Introduction to Common Law

Introduction to Common Law

Can simple rules solve social coordination problems better than regulations do?  

in this series on the Common Law, Professor Richard Epstein of NYU School of Law, provides an alternative to the conventional view that property rights are arbitrarily created by the state, and therefore can be changed at will by the state.  A few simple rules, he argues, are universal principles of social organization, consistent across time and culture, which form the basis of social gains.

 

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5 of 8: Does Natural Law Matter? [Introduction to Common Law] [No. 86]

What are the principles of natural law - and are they relevant to positive law? For thousands of years, natural law principles were at foundational, but they have been abandoned in our current legal discourse. Professor Richard Epstein of NYU School ... What are the principles of natural law - and are they relevant to positive law? For thousands of years, natural law principles were at foundational, but they have been abandoned in our current legal discourse. Professor Richard Epstein of NYU School of Law says that this is a mistake. He gives a few key natural law principles and argues that understanding and applying them is essential to improving human welfare.

Professor Epstein, in this series on the Common Law, provides an alternative to the conventional view that property rights are arbitrarily created by the state, and therefore can be changed at will by the state. A few simple rules, he argues, are universal principles of social organization, consistent across time and culture, which form the basis of social gains.

Professor Epstein is the inaugural Laurence A. Tisch Professor of Law at NYU School of Law, a Senior Fellow at the Hoover Institution, and Professor of Law Emeritus and a senior lecturer at the University of Chicago.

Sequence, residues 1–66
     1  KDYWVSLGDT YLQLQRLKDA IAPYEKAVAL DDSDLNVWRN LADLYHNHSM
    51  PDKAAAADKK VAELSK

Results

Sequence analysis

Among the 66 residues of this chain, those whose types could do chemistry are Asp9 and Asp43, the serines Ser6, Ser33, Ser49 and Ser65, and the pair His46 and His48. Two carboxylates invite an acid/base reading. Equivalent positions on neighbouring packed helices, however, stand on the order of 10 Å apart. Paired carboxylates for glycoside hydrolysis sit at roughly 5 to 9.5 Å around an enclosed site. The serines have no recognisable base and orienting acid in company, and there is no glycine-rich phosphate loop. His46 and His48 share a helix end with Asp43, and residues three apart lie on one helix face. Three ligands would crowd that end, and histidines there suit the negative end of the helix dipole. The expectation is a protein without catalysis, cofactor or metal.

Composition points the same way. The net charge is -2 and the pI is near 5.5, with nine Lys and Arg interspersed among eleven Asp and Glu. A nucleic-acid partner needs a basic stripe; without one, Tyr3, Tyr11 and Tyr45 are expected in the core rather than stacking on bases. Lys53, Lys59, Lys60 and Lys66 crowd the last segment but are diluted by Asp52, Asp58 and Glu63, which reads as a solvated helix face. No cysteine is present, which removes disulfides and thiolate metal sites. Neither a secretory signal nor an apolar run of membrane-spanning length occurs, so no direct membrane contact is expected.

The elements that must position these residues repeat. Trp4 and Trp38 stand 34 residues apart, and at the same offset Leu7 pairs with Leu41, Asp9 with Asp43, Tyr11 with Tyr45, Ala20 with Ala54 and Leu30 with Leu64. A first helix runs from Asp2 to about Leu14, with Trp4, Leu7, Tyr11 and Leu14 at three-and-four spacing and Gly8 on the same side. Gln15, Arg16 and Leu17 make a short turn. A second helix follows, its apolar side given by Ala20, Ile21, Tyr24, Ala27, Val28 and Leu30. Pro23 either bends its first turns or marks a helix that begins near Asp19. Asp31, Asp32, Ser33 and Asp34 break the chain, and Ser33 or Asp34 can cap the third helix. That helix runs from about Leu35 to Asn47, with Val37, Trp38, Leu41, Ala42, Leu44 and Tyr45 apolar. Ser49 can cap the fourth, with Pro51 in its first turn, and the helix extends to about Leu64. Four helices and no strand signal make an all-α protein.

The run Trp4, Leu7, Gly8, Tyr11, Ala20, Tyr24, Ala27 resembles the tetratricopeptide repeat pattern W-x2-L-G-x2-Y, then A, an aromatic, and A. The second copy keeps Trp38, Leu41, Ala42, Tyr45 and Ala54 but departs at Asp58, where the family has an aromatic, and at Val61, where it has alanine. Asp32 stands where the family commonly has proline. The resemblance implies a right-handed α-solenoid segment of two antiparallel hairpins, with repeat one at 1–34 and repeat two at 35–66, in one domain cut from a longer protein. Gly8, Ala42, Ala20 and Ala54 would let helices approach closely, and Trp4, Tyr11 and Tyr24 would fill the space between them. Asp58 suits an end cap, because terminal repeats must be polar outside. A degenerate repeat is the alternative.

As always, the Federalist Society takes no position on particular legal or public policy issues; all expressions of opinion are those of the speaker.

As always, the Federalist Society takes no position on particular legal or public policy issues; all expressions of opinion are those of the speaker.

Subscribe to the series’ playlist: https://www.youtube.com/playlist?list=PLWwcngsYgoUX3i5tMPI9kDQtoLuOXCsN_

Related links:

Richard Epstein: Skepticism and Freedom
https://www.youtube.com/playlist?list=PLWwcngsYgoUX3i5tMPI9kDQtoLuOXCsN_

The Atlantic: When Judges Believe in 'Natural Law' https://www.youtube.com/playlist?list=PLWwcngsYgoUX3i5tMPI9kDQtoLuOXCsN_

America Magazine: Has Natural Law Died?
https://www.youtube.com/playlist?list=PLWwcngsYgoUX3i5tMPI9kDQtoLuOXCsN_

Randy Barnett: A Law Professor's Guide to Natural Law and Natural Rights
https://www.youtube.com/playlist?list=PLWwcngsYgoUX3i5tMPI9kDQtoLuOXCsN_

Natural Law Theories
https://www.youtube.com/playlist?list=PLWwcngsYgoUX3i5tMPI9kDQtoLuOXCsN_

John Finnis: Natural Law and Natural Rights: https://www.youtube.com/playlist?list=PLWwcngsYgoUX3i5tMPI9kDQtoLuOXCsN_